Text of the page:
The safety and efficacy of short-term budesonide delivered via mucosal atomization device for chronic rhinosinusitis without nasal polyposis

Authors

  • Andrew Thamboo MD,

    1. Division of Otolaryngology, niversity of British Columbia, St. Paul's Sinus Centre, Vancouver, British Columbia, Canada
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  • Jamil Manji MSc,

    1. Division of Otolaryngology, niversity of British Columbia, St. Paul's Sinus Centre, Vancouver, British Columbia, Canada
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  • András Szeitz PhD,

    1. Faculty of Pharmaceutical Sciences, University of British Columbia, Vancouver, British Columbia, Canada
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  • Rachelle Dar Santos BSc,

    1. Division of Otolaryngology, niversity of British Columbia, St. Paul's Sinus Centre, Vancouver, British Columbia, Canada
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  • Iain Hathorn MBChB, FRCS (ORL-HNS),

    1. Division of Otolaryngology, niversity of British Columbia, St. Paul's Sinus Centre, Vancouver, British Columbia, Canada
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  • Eng Cern Gan MBBS, MRCS (Edin), MMED (ORL),

    1. Division of Otolaryngology, niversity of British Columbia, St. Paul's Sinus Centre, Vancouver, British Columbia, Canada
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  • Saad Alsaleh MBBS, FRCSC,

    1. Division of Otolaryngology, niversity of British Columbia, St. Paul's Sinus Centre, Vancouver, British Columbia, Canada
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  • Amin R. Javer MD, FRCSC, FARS

    Corresponding author
    1. Division of Otolaryngology, niversity of British Columbia, St. Paul's Sinus Centre, Vancouver, British Columbia, Canada
    • Correspondence to: Amin R. Javer, MD, FRCSC, FARS, St. Paul's Sinus Centre, 1081 Burrard Street, Vancouver, BC, V6Z 1Y6, Canada; e-mail: sinusdoc@me.com

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  • Funding sources for the study: St. Paul's Hospital Foundation, Vancouver, BC, Canada (01866152).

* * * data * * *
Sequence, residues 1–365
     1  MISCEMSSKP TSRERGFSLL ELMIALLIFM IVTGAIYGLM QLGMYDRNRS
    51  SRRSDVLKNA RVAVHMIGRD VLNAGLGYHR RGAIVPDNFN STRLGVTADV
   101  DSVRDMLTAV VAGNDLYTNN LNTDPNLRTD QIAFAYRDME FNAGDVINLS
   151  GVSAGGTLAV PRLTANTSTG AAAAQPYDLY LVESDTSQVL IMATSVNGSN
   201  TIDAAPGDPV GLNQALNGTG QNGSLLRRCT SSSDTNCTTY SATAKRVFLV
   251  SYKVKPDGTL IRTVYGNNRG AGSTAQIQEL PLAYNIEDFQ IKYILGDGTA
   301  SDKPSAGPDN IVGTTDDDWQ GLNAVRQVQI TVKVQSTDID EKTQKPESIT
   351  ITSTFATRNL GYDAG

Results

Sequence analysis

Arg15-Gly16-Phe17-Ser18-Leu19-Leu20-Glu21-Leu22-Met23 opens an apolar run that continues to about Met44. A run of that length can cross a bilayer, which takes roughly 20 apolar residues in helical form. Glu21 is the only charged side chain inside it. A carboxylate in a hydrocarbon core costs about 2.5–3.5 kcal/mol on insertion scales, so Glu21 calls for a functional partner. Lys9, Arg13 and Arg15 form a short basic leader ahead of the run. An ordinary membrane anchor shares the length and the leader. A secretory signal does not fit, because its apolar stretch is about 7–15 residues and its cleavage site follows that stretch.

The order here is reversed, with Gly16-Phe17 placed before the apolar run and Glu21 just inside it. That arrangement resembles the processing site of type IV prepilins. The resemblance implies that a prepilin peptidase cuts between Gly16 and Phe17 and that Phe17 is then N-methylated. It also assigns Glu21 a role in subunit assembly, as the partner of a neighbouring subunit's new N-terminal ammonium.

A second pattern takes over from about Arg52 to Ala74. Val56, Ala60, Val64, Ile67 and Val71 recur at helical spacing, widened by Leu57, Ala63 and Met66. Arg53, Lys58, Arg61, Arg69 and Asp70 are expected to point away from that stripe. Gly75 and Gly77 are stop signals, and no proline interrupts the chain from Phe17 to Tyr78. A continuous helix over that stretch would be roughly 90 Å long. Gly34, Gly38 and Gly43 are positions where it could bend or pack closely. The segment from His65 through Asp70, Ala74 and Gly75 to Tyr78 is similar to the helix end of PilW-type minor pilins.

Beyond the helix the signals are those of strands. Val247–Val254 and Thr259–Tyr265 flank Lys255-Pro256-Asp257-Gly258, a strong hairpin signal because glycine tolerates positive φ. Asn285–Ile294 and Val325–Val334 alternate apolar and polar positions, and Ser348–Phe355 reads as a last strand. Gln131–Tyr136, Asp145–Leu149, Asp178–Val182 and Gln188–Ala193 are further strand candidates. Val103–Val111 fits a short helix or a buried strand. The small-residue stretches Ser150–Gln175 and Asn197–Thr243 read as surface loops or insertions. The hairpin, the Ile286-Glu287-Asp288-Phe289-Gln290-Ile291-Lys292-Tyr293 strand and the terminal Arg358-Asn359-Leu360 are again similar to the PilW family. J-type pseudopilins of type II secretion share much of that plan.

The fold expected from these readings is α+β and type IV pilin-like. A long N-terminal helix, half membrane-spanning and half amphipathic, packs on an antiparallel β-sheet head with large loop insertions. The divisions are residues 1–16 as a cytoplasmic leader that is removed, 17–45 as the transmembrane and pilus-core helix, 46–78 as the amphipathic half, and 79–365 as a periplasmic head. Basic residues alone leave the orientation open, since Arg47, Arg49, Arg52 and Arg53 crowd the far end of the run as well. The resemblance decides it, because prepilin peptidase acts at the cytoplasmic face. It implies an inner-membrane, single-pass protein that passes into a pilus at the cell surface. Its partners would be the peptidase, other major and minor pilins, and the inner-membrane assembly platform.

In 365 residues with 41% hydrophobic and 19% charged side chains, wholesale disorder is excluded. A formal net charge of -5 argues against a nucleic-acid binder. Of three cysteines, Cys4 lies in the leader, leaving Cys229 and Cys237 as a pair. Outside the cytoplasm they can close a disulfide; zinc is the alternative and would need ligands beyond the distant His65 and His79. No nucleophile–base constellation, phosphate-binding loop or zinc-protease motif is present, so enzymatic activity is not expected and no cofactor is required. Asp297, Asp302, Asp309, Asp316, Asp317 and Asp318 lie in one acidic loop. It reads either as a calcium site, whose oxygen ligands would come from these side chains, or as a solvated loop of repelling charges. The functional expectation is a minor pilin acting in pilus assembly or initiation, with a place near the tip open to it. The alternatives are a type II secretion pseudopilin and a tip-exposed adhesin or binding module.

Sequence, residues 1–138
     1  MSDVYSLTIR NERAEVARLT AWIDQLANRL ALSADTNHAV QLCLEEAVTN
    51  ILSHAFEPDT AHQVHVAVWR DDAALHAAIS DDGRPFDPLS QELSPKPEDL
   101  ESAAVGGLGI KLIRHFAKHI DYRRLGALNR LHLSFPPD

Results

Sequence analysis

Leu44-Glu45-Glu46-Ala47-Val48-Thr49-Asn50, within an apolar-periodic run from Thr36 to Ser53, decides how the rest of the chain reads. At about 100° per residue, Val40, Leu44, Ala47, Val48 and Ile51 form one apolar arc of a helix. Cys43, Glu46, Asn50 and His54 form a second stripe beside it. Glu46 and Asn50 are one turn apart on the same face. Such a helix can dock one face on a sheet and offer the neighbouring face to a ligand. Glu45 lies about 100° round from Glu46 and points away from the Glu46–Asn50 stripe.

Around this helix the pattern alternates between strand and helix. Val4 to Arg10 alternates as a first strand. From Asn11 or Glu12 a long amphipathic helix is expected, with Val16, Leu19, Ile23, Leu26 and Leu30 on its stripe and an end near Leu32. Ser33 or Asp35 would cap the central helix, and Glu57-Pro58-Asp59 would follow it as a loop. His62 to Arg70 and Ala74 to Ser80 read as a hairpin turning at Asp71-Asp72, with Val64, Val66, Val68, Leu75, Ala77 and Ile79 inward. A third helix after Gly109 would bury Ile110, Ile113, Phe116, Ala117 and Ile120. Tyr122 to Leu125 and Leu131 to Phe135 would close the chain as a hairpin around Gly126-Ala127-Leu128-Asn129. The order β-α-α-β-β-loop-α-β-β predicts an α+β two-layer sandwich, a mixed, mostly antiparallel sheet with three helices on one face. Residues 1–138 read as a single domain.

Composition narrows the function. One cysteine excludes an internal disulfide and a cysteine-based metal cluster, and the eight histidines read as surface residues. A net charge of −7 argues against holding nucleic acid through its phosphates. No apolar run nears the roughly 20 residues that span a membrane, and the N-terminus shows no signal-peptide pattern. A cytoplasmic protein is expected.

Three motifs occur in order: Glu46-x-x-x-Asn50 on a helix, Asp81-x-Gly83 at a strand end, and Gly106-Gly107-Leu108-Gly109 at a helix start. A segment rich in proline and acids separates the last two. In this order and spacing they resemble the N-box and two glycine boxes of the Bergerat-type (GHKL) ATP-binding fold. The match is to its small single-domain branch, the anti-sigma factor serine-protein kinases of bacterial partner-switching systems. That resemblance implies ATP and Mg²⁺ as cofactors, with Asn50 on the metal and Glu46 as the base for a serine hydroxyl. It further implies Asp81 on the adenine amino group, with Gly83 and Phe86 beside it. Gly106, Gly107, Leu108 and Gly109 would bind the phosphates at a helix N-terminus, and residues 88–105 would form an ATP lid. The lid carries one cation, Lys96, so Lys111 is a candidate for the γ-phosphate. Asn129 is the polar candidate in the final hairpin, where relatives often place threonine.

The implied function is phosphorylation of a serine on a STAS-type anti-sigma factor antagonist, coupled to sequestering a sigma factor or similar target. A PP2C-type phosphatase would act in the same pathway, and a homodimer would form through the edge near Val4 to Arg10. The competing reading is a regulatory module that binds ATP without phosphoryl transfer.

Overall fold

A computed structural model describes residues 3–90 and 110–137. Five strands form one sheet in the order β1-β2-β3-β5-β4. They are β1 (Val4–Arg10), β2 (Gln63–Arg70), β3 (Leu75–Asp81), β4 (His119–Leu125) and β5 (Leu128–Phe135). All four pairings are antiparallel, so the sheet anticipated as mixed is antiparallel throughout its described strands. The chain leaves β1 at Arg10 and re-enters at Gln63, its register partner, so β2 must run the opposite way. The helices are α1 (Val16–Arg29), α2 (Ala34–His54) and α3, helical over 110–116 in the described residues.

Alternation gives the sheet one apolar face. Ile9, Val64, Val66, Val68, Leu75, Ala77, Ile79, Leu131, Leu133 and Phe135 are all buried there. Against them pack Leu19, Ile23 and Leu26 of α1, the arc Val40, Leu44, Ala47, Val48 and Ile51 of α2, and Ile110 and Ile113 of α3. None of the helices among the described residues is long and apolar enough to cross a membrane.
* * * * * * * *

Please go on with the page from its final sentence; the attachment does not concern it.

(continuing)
• Potential conflict of interest: None provided.

  • Public clinical trial registration: http://clinicaltrials.gov/show/NCT01405339. The Effect of Budesonide Spray Via Mucosal Atomization Device on the Hypothalamic-Pituitary Axis: Budesonide Application Via Mucosal Atomization Device as a Treatment for Chronic Rhinosinusitis When Utilized as a Topical Nasal Steroid Spray.

Abstract

Background

Budesonide is a potent corticosteroid commonly prescribed for management of inflammation in chronic rhinosinusitis (CRS). The standard for prescribing budesonide is via impregnated nasal saline irrigation (INSI), although recently the mucosal atomization device (MAD) has emerged as a theoretically superior method of distributing medication into the sinuses. The MAD atomizes medication into small droplets and this is thought to enhance absorption and improve bioavailability. However, no studies have shown whether enhanced absorption and improved bioavailability of budesonide via MAD causes adrenal suppression. The objective of this study is to determine whether budesonide via MAD affects the hypothalamic-pituitary-adrenal (HPA) axis.

Methods

Twenty CRS patients were recruited from a tertiary rhinology clinic and randomized to take budesonide (1 mg) via MAD or via INSI twice a day for 60 days. The adrenocorticotropic hormone (ACTH) stimulation test and 22-item Sinonasal Outcomes Test (SNOT-22) questionnaire were administered on days 1, 30, and 60 of the study. Plasma budesonide and cortisol levels were simultaneously quantified using a high-performance liquid chromatography–tandem mass spectrometry technique.

Results

There was no indication of adrenal suppression in either group (n = 20) based on ACTH stimulation test results nor was there significant plasma budesonide levels detected in either group. Quality of life, as indicated by SNOT-22, did not differ between groups at 60 days (p = 0.404; 95% confidence interval [CI], −37.2 to 15.9), but SNOT-22 scores for patients using MAD did show statistically significant improvement at 60 days compared to baseline (p = 0.02).

Conclusion

The MAD is likely a safe and effective method of delivering budesonide to the sinuses in the short term.

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